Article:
Rabbi Adlerstein, my personal respect for you is without question, but I have seen such a reinvention of the truth of the Jewish people’s recent past(the last three centuries)that is so odd and so much an affectation that I fear that this leads to people saying ( lo aleinu) “Kol V Chomer let’s reinvent the ancient past as well.”

    [YA I speculated years ago that the scourge of Historical Revisionism that we live is ironic in the light of all the revisionim that we, lehavdil, have been doing.]

  • Harry Maryles

    Note to moderator. I misspelled the name. If you decide to publish this comment, please use the following corrected version submitted in a separate comment – to follow.

  • Harry Maryles

    What a wonderful analysis. I actually wrote about this post on my blog today and linked to it. Rabbi Adlerstein, you are an honest and courageous man!

  • Joseph

    Rabbi Adlerstein,

    As someone, who you very well know, has first-hand knowledge about the gap issue which you mention, let me assure your readers that you are 100% correct. There is a popular notion out there, that has been perpetuated by some, including some Roshei Yeshivos, that a ben-Torah can learn anything else out there since his exposure to, and training through Gemara is far more superior to any other discipline. Granted that is true that limud Gemara is far more superior (which, from my experience, I fervently believe so), nonetheless, there are other basic, down-to-earth, common sense factors that this notion ignores:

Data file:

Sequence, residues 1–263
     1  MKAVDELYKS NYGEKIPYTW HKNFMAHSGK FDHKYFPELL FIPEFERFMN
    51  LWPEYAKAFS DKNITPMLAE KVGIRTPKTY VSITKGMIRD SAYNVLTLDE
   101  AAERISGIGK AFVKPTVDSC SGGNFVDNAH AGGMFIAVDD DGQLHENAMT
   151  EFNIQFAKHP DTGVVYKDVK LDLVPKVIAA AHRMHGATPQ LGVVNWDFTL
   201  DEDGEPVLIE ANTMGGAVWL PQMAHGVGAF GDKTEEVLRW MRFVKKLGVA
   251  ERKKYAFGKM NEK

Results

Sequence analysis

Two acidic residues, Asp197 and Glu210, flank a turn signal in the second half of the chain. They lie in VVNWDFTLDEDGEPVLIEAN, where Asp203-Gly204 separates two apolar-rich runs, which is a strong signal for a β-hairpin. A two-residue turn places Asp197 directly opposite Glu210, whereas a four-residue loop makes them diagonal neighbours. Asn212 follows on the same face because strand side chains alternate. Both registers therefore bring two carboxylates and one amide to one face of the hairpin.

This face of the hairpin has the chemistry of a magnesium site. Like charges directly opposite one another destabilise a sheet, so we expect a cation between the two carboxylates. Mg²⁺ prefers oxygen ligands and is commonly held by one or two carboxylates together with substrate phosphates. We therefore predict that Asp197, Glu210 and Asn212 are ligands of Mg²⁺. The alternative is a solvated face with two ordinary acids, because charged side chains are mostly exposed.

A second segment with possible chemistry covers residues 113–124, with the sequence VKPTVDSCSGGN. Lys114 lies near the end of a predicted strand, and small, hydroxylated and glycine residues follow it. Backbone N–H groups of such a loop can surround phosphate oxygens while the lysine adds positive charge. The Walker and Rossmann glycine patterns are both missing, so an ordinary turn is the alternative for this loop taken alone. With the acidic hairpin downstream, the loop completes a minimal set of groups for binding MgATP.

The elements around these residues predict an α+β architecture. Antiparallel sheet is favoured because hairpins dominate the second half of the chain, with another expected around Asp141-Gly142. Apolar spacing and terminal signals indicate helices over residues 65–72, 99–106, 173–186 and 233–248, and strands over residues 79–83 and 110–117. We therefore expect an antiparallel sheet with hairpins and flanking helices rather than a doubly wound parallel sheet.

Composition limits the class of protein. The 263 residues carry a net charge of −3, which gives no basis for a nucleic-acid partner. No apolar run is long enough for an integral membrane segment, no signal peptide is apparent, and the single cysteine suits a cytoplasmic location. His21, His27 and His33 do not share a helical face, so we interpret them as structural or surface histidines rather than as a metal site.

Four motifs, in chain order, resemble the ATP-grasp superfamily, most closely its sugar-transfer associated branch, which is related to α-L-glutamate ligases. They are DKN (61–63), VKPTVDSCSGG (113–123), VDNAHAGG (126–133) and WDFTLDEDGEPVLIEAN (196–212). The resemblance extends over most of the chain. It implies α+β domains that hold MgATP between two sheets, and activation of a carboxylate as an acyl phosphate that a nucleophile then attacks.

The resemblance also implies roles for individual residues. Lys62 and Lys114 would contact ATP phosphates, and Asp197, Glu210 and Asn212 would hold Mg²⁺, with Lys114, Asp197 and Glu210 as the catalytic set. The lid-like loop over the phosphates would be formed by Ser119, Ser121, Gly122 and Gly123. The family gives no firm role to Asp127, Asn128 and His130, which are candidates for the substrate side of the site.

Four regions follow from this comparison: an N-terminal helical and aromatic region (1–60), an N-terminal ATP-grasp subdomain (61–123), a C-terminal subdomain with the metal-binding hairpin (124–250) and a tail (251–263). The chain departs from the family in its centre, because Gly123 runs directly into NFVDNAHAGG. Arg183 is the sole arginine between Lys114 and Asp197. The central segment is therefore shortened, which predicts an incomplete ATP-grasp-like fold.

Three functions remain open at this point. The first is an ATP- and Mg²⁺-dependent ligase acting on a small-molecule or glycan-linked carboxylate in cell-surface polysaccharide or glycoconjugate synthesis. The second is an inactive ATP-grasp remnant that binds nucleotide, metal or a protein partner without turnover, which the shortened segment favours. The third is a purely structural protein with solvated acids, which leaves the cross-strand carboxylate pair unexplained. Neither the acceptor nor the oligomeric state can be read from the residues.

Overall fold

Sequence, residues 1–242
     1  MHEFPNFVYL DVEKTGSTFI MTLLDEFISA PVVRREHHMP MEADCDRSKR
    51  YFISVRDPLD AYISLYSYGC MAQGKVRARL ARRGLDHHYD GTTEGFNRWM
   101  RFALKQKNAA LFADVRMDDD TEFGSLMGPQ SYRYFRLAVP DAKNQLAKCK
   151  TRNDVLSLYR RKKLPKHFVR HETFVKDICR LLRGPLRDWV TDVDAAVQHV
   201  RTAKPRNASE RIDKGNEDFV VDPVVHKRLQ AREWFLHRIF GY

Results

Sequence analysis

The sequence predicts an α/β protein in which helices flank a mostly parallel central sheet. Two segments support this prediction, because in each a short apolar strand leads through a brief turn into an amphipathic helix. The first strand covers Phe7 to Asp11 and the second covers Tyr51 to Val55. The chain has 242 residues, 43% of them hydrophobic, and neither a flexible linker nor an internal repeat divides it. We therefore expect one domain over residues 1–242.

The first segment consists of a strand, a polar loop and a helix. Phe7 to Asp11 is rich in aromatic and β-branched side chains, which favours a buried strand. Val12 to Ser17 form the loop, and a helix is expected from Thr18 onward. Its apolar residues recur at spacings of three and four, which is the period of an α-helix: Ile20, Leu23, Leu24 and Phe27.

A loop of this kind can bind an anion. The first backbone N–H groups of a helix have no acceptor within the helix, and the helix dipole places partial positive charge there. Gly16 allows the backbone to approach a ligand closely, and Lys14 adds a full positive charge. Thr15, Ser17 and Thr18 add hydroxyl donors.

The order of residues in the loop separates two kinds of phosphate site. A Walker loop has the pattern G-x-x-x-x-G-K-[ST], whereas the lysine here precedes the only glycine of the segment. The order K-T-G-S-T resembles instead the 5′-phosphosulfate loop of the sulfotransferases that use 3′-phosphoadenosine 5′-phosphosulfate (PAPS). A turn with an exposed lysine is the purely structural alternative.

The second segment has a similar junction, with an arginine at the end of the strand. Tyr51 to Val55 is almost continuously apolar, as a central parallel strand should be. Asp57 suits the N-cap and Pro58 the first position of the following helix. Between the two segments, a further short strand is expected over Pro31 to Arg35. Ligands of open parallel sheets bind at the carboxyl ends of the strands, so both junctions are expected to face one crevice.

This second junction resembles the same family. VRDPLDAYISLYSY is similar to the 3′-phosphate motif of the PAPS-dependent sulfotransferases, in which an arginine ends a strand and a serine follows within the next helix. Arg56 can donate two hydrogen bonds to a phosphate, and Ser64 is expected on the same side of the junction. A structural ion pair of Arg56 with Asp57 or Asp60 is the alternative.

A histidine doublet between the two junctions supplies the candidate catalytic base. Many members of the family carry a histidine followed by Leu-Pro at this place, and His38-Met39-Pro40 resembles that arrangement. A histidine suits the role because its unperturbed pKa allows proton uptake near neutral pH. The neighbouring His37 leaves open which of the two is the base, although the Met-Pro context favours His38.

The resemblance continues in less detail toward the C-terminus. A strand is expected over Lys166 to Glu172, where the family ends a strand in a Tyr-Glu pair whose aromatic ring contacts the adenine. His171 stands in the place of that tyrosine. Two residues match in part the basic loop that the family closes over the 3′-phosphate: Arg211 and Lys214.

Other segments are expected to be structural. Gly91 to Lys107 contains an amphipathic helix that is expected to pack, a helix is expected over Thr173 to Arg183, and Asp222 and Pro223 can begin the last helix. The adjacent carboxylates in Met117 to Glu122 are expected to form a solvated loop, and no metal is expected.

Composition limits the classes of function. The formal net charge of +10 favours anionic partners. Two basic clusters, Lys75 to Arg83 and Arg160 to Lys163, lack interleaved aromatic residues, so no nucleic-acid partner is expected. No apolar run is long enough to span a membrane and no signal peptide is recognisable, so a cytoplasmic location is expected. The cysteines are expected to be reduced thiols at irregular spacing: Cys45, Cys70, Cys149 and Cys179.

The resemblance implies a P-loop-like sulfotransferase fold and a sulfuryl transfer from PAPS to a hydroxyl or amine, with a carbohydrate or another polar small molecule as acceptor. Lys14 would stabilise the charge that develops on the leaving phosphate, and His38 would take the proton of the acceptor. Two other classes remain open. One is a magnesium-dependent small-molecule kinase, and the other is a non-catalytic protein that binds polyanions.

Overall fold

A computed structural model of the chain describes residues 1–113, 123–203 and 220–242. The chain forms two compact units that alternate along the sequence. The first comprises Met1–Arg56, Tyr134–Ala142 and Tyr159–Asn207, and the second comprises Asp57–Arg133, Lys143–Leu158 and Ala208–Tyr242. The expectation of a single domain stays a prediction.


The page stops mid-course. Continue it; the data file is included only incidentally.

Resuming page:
1. Vigorous and intensive training in one discipline makes training in another more difficult to acquire.’
    2. The window to learn new systems and languages starts closing in a person’s mid-thirties or so.
    3. The memory of a thirty-five year old is not quite the same as that of a twenty-two year old.
    All of these factors (which have some overlap)may comprise the underlying basis for Elisha ben Avuyah’s statement: HaLomeid Torah BiZiknuso Lima Hu Domeh? Li’Dyo Kasuv Al Niyar Machuk. True he said this about learning Torah, but experience shows that it is just as true regarding any discipline.

    The gap is very real and I actively urge every ben Torah that I can have an influence upon, to think seriously about it and consider the long term implications (parnassa, Shalom Bayis, nachas ruach, simcha, etc.)of neglecting a secular education.

  • Steve Brizel

    Great post! For those interested, it is well known that RSZA had a special relationship with R Lev ZL. IIRC Dr Sukenik ( as well as his wife) were superb NCSY advisors when I was an NCSYer. The bottom line remains that economic necessity is a factor that is driving enrollmment in such institutions, and that rhetorical excess on all sides shows a lack of knowledge of what is driving the increased enerollment in such programs.

  • Steve Brizel